We use the acryonym H.A.N.D.S. to check carries for safety and the child’s comfort:hands-babame-image

H = Hands-free. VITAL
If you feel the need to use your hands or arms to support your child, then your instincts are kicking in to prevent them falling out! To make the carry secure enough so that you can be hands-free, check that it is fastened correctly and safely, and that your child is snug against you. If in doubt, book an advice appointment to learn how to achieve a hands-free carry.

A = Airway VITAL
Always, once you have fastened baby into the baby carrier, check their airway is clear and unrestricted. Nose and mouth should have plenty of airflow and you should be able to fit two fingers under their chin (checking that it’s not against their chest). Sleepy small babies tend to snuggle on in! Be vigilant and gently reposition if you need to. Sometimes gently encouraging tiny hands to prop up their tiny chin can help prevent ‘chin on chest’. Never cover your babies’ whole head (even if you think they’d prefer to nap in the dark!).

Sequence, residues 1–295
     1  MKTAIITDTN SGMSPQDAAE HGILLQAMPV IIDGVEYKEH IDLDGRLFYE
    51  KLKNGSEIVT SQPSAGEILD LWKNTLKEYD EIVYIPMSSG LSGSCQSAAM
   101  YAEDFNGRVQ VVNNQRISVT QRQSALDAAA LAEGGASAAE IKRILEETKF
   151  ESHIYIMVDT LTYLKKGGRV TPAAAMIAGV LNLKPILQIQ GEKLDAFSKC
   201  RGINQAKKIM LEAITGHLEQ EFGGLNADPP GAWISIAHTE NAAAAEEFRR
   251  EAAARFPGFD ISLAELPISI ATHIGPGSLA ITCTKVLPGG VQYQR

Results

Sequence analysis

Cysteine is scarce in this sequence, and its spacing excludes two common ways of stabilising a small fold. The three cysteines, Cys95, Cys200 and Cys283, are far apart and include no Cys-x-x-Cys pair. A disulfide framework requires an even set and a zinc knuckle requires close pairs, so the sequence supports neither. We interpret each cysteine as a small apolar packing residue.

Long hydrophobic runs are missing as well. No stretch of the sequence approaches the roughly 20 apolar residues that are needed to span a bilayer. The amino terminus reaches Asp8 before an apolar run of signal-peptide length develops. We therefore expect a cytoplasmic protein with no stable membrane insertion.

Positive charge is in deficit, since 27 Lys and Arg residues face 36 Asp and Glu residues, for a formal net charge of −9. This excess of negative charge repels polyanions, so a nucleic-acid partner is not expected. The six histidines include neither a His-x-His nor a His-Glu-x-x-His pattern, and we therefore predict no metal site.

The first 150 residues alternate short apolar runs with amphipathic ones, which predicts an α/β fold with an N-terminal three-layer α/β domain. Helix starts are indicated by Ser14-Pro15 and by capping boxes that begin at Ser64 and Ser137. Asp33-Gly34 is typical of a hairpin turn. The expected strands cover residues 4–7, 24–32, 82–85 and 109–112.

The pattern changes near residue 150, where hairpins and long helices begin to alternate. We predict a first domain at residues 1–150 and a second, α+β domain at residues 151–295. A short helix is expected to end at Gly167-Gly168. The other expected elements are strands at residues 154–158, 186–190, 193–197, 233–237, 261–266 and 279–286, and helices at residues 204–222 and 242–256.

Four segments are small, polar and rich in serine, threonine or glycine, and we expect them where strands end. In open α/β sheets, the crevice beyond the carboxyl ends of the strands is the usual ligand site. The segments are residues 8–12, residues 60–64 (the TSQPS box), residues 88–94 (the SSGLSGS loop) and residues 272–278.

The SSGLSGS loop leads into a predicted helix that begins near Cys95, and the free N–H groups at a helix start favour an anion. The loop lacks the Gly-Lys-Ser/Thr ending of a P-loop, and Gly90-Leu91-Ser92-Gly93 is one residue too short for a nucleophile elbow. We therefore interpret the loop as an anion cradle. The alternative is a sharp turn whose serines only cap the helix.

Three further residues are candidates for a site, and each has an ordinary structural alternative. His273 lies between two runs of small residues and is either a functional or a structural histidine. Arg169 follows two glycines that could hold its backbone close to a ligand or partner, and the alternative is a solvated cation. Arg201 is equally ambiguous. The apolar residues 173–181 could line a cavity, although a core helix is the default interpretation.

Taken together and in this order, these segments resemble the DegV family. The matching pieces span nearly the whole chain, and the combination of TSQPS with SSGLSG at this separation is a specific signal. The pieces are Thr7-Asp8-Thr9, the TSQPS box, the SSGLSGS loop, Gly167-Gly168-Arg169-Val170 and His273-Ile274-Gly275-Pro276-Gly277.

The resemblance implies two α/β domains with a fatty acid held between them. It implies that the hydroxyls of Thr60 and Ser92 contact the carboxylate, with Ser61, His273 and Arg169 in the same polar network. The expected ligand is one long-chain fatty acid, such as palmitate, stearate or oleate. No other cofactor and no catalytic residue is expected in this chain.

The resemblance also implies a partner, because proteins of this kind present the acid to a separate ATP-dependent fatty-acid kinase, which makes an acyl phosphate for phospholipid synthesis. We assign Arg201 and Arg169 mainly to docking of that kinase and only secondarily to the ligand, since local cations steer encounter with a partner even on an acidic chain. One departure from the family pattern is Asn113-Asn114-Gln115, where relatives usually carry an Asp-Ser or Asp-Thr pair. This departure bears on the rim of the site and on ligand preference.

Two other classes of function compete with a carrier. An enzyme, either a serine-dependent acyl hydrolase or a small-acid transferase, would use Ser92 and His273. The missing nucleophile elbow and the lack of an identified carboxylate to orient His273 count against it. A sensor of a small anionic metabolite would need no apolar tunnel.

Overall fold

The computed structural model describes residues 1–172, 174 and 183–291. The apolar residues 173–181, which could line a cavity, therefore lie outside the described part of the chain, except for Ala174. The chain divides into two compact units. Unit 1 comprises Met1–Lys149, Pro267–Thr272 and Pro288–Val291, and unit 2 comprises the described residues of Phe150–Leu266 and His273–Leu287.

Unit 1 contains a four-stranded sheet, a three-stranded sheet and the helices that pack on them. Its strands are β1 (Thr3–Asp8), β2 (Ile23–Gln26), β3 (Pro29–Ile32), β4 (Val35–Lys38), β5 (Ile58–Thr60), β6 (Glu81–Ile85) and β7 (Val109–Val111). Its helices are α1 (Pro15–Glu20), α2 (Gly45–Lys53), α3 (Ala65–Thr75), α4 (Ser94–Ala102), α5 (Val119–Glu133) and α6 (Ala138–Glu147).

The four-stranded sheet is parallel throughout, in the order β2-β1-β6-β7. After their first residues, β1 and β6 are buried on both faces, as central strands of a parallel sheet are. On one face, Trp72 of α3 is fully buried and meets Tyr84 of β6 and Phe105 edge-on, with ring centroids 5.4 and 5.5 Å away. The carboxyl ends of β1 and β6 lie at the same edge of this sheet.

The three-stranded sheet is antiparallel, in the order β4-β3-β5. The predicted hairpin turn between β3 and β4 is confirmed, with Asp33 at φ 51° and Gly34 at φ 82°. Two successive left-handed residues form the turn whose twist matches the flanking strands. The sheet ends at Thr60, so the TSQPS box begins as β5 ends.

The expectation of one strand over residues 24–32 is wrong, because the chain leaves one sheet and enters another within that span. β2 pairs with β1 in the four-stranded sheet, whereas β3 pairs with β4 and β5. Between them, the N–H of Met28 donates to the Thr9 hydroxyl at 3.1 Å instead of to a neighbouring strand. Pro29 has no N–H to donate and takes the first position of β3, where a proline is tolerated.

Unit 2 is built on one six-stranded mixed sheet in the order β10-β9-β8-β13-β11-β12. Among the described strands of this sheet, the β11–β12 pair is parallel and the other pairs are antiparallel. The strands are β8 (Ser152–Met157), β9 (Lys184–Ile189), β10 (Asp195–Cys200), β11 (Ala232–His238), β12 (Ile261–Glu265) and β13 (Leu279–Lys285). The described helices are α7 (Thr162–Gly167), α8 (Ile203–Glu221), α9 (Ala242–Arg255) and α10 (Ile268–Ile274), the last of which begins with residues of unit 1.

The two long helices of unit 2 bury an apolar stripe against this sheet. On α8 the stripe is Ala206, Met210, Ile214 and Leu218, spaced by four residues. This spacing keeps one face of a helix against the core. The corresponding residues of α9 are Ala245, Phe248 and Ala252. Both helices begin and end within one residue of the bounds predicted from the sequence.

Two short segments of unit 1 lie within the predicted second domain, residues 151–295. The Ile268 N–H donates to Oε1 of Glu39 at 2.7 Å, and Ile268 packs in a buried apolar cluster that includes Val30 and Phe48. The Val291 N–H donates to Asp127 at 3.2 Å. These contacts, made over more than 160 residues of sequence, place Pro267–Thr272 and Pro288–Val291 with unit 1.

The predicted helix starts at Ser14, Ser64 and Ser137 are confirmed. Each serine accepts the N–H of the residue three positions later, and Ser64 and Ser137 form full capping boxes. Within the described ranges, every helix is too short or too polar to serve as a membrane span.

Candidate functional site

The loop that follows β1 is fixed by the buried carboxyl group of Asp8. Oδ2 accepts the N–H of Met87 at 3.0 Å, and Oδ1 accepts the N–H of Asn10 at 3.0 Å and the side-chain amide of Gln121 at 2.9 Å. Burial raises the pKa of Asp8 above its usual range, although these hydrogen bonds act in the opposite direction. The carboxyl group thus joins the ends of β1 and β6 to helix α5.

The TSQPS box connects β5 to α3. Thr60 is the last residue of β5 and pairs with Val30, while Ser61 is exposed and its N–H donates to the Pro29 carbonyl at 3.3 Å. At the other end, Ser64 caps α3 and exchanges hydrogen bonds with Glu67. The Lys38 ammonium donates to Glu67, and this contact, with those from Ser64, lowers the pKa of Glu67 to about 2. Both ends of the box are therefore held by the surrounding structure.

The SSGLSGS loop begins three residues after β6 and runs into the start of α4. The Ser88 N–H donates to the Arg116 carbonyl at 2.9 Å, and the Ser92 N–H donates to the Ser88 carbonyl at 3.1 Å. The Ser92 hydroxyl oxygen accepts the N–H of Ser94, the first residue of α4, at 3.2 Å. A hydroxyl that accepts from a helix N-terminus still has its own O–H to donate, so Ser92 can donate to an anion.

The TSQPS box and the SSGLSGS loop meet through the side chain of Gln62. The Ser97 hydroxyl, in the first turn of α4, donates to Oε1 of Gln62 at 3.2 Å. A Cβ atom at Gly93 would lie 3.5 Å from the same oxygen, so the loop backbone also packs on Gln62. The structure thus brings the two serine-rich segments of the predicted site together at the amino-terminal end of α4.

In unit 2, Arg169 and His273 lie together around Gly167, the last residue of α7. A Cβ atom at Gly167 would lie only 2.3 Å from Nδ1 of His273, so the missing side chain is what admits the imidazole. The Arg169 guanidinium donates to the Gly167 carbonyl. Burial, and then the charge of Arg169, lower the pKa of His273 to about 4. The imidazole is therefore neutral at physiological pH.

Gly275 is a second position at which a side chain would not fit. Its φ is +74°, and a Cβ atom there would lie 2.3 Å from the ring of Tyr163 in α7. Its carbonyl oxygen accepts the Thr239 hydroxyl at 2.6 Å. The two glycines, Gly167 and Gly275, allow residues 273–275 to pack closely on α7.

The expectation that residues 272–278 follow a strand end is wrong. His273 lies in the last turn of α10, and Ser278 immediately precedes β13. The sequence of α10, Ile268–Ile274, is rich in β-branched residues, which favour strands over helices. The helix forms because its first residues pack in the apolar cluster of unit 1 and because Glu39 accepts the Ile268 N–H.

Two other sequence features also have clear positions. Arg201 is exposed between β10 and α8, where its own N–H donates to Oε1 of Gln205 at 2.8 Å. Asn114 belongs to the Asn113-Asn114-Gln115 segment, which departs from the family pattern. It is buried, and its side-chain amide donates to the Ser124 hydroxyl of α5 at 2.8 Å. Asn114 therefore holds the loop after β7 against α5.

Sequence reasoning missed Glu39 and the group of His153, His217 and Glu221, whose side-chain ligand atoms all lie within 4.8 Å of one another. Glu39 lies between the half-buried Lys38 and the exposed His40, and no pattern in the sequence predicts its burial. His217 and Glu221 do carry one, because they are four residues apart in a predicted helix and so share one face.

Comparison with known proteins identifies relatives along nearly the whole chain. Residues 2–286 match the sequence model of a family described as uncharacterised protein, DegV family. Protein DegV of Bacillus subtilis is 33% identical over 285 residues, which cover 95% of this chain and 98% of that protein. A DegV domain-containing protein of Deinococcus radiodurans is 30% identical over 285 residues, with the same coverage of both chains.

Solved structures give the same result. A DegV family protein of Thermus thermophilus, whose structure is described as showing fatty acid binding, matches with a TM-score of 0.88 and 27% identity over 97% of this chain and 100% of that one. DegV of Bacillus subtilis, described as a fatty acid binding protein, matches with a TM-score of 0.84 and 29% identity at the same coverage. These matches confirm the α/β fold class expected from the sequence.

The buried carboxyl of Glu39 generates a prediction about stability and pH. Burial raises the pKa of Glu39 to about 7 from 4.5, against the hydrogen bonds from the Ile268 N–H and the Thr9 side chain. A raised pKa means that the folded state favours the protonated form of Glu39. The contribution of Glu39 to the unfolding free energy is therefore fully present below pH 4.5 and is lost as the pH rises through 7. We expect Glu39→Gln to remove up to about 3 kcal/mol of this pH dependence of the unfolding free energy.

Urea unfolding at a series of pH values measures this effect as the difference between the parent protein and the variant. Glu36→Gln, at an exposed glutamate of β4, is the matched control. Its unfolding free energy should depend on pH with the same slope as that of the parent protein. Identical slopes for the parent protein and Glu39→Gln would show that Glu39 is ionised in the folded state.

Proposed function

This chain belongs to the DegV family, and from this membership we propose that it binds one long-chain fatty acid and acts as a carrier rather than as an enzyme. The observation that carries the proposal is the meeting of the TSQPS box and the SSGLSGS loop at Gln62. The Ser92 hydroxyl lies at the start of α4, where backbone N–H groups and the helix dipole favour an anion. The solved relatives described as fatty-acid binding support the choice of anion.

N = Knee to Knee.
Check that there is fabric supporting your child from the back of one knee, all the way under their bum to the back of their next knee. Your child should still be able to move their knees and lower legs freely.

D = Deep seat.
This means that your child is sitting with their knees higher than their bottom, with a nice gentle ‘j’ curve running from bottom of the bum up the back. This is known as a ‘pelvic tuck’ position.

S =  Supported.
Ensure your baby is supported, with a nice tight carry. I get parents to gently lean forward and ensure baby does not ‘move’, any movement then double check your tension and retighten.

There are occasionally times when a child’s physiology might require some different positioning (the last three points), however the first two points are utterly non-negotiable!

More on sling safety

From Carrying Matters

GP Rosie Knowles runs the Carrying Matters website, a seriously well-researched site with excellent guidance on all things sling. See her ‘How to use a sling safely‘ page for:

  • Diagrams of ergonomic positioning as babies grow
  • Video of how to do a ‘pelvic tuck’
  • The ABC and TICKS sling safety acryomns (do a very similar job to ‘HANDS’ but might be more memorable for you?)
  • Advice on the risks of overheating and carrying safely in very hot or cold weather
  • Risks to be aware of when your child is facing out
  • Using your sling for exercise
  • Getting to know your sling and child

She has a separate (also excellent) pages on safety when feeding in slings and safe sleeping in slings.

From France

Excellent, and very thorough safety leaflet from the French Consultants Inter-School Board (translated by Slingababy).